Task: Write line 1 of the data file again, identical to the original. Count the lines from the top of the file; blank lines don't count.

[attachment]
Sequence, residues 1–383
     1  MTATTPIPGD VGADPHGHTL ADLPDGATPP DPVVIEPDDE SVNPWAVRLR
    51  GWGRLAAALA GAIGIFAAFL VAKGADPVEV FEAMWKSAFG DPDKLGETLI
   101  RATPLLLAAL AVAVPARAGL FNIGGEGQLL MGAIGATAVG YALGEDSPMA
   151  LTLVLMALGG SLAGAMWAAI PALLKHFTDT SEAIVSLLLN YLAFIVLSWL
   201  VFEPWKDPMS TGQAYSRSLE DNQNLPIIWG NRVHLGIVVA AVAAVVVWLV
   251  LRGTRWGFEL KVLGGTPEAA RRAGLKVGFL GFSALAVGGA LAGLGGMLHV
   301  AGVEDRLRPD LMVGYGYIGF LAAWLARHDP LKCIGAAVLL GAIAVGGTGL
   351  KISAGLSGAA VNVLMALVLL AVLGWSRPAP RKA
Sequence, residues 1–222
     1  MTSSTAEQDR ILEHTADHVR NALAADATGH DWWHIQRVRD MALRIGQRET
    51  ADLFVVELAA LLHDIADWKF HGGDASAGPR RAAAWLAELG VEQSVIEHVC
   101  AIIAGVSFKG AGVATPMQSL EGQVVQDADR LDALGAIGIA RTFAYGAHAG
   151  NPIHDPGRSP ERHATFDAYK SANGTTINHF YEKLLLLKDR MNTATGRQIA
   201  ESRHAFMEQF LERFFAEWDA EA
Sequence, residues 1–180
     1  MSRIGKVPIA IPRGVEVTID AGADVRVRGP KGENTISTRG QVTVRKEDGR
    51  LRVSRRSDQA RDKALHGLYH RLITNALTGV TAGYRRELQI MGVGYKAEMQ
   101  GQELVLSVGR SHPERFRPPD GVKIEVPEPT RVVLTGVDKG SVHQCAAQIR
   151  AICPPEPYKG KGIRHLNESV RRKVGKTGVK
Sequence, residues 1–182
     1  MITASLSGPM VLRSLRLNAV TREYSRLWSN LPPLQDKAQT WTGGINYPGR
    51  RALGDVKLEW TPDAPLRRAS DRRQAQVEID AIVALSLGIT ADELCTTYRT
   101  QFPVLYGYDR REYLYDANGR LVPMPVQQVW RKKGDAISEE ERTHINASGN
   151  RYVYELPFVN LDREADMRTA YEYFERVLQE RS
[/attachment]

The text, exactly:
Sequence, residues 1–383